JEL: E32 F15 F36
    Date: 2012–07
  12. By: Wrede, Matthias
    Abstract: Combining a spatial equilibrium model with a search-matching unemployment model, this paper analyzes the willingness to pay for regional amenities and the regional quality of life when wages, rents, and unemployment risk compensate for local amenities and disamenities. The results are compared with those obtained from the Rosen-Roback approach. Furthermore, the paper shows that the wage curve is negatively sloped for quasi-linear utility. Specifically, the wage rate increases and the unemployment ratio decreases in response to an increase in the amenity level if the amenity is marginally more beneficial to producers than to consumers. As an illustration of the unemployment-adjusted quality-of-life measure, the quality of life in West German counties is estimated. --
    Keywords: quality of life,residential mobility,unemployment,job search,matching
    JEL: R12 R13 R14 H73 J61 J64
    Date: 2012
  13. By: Usui, Emiko
    Abstract: This paper develops an equilibrium search model to explain gender asymmetry in occupational distribution. Workers’ utility depends on salary and working hours, and women have a greater aversion to market hours than men. Simulations indicate that women crowd into shorter-hour, lower-paying jobs than men. If employers discriminate against women, offers are tailored more toward men’s preferences; employers require longer working hours, and fewer women work at these jobs. Similarly, if women have a disutility factor in their utility toward positions with a higher proportion of men, fewer women work at these jobs. In both cases, gender segregation is reinforced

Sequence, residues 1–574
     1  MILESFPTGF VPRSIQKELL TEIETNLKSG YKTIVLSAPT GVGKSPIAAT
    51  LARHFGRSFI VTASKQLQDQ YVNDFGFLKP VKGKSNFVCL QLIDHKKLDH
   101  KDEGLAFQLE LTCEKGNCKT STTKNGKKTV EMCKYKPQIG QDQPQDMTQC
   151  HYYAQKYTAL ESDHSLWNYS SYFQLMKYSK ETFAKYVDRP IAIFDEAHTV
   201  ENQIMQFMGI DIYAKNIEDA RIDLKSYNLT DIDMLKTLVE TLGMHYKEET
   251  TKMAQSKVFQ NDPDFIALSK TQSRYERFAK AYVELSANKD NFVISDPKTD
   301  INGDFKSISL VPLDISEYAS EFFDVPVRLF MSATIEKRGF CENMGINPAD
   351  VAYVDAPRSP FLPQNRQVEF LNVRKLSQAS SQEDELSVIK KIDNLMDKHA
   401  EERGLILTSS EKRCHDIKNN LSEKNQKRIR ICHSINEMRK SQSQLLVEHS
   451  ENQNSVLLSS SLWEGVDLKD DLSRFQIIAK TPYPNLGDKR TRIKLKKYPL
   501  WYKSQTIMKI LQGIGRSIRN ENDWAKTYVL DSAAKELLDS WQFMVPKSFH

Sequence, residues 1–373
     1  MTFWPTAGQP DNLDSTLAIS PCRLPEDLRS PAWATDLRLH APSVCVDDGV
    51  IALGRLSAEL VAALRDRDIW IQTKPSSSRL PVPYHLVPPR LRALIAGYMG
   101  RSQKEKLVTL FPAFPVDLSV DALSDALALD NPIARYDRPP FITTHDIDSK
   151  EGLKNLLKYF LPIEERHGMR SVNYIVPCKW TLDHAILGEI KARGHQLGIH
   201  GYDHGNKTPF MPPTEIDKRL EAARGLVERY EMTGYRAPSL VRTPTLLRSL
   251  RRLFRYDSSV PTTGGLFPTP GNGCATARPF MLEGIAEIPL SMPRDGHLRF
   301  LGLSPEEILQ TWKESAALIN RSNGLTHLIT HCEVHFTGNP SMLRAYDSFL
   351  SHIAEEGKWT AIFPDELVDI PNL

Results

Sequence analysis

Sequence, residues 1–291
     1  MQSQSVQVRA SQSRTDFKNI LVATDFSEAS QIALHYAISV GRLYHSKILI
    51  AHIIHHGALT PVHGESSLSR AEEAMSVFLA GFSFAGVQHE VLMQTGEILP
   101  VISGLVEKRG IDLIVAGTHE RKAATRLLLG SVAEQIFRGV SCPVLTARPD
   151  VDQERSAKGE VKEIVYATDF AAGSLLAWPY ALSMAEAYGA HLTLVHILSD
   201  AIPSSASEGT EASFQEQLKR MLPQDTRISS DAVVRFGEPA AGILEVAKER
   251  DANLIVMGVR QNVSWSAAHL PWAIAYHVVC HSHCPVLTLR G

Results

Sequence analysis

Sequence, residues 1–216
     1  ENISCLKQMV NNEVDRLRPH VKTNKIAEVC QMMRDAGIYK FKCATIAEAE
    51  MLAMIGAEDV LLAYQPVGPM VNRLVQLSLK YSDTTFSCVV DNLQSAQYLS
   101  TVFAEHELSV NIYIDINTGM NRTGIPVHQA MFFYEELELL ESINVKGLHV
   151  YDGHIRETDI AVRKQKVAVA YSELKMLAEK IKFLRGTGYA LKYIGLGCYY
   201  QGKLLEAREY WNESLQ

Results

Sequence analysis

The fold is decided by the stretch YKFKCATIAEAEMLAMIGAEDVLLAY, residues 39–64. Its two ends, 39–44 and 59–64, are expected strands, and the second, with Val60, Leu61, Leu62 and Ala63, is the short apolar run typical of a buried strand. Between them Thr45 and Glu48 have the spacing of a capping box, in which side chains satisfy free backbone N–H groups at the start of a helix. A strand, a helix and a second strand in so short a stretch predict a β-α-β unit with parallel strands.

Keywords: Equilibrium Search, Gender preferences, Employer discrimination, Employee discrimination
    JEL: E24 J16 J64 J71
    Date: 2012–06
  14. By: Zhiyang Jia and Weizhen Zhu (Statistics Norway)
    Abstract: An extended life cycle model is used to investigate how variation in the level of expected pensions influences non-pension wealth accumulation. We try to explain why the offset effects between pension wealth and private savings are not one to one by accounting for different risks and market imperfections, which includes uninsured risk on earnings, mortality risk, borrowing constraints and bequest motive. The model is calibrated on Norwegian household data from 1992 to 2005. Based on the calibrated model, simulations are performed to explore consequences of introducing these factors. The result shows that by simply accounting these risks and constraints, we can explain most of the departure between empirical findings and theoretical prediction.